The F-16 Venom features black snake scales across its back and up the tail. The yellow used by the team for its logo is used to highlight the tailcode and markings.
The US Air Force F-16 Viper Demo Team, unveiled a stunning new paint scheme for their primary demonstration jet (F-16CM 94-0047/SW of 77th FS ) on May 8, 2020 at their home base of Shaw Air Force Base (AFB), South Carolina.
Christened “Venom,” the jet features black snake scales across its back and up the tail. The yellow used by the team for its logo is used to highlight the tailcode and markings.
The F-16 Viper Demo Team said on its Facebook Page: ‘We have been working on something special since December 2019 for the 2020 airshow season. While it was scheduled to be completed in March, due to the covid-19 pandemic we paused production to ensure the safety of our crews, but we’re now proud to introduce you to ‘VENOM’. The snake scales across the body of the aircraft fit the namesake of the jet and our signature black and yellow colors feature prominently from nose to tail. We wanted to undertake this project to make a special experience for our fans across the country and to inspire patriotic Americans to serve in the Air Force. Thank you to our wingmen at Shaw Air Force Base corrosion for sharing the enthusiasm for our design and making it a reality.’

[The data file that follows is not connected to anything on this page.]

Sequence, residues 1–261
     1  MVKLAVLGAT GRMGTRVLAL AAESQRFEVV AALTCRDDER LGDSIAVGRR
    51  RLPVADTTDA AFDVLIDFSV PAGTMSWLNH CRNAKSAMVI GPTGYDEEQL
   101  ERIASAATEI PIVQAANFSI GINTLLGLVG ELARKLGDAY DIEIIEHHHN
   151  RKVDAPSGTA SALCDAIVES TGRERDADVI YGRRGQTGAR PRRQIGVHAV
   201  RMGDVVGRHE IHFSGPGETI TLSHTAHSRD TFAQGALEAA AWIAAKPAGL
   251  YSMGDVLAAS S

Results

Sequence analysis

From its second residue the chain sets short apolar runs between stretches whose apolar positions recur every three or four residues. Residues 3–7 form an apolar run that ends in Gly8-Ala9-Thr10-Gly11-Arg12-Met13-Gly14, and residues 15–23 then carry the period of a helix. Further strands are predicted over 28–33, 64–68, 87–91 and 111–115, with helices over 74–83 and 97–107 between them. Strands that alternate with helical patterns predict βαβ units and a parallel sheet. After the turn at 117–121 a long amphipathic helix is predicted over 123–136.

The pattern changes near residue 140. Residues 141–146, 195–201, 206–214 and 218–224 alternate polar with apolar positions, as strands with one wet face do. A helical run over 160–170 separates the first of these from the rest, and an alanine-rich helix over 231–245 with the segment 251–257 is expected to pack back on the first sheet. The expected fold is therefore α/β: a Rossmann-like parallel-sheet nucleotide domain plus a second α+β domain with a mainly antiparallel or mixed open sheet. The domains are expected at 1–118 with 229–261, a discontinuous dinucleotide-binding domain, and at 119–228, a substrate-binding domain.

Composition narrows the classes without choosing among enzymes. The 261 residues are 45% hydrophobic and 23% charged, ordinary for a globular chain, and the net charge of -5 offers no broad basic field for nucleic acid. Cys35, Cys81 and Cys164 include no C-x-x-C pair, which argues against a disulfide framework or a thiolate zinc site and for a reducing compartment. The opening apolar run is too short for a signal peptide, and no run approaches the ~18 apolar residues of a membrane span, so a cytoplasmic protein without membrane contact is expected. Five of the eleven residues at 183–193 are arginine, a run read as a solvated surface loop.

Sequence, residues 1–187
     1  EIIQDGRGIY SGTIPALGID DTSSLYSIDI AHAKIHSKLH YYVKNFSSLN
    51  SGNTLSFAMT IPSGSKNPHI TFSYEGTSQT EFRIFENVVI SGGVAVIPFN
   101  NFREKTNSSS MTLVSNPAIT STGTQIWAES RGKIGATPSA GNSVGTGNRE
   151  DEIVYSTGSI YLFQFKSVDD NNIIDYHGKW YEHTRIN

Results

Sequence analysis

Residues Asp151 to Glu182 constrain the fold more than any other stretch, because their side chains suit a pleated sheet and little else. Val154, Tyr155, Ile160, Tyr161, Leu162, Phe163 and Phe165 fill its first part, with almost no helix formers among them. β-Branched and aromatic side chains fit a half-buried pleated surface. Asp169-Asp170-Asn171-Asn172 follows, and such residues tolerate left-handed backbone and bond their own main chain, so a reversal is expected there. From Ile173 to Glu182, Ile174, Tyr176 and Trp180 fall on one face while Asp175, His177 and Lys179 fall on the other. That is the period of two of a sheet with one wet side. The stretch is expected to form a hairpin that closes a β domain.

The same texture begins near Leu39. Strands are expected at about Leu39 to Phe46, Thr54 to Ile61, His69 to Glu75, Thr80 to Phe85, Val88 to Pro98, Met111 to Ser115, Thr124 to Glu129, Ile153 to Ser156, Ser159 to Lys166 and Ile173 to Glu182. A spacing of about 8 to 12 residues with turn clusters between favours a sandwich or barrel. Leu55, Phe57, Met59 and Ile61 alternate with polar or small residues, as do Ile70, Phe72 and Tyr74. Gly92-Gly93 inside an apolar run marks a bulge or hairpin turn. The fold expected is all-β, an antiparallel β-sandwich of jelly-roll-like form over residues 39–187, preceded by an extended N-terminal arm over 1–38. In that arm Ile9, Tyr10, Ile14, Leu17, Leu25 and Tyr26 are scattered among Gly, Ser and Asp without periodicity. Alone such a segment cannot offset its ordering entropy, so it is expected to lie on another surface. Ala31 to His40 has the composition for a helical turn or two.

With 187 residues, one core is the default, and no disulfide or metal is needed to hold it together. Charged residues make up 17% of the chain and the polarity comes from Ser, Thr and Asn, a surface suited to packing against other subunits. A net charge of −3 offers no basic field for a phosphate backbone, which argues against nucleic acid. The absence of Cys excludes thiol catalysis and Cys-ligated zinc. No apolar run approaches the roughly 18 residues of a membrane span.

Since most of the airshows of the 2020 season have already been cancelled due to the COVID 19 pandemic we have to wait to admire the new paint scheme. However there’s no need to panic of missing out: the team plans to fly this aircraft for at least three years!
The Air Combat Command F-16 Viper Demo Team performs precision aerial maneuvers to demonstrate the capabilities of one of the US Air Force’s premiere multi-role fighters, the F-16 Fighting Falcon. The team also works with the Air Force Heritage Flight Foundation to create a unique demonstration of the US Air Force’s past and present, exhibiting the professional qualities the Air Force develops in the people who fly, maintain and support these aircraft.
Photo credit: USAF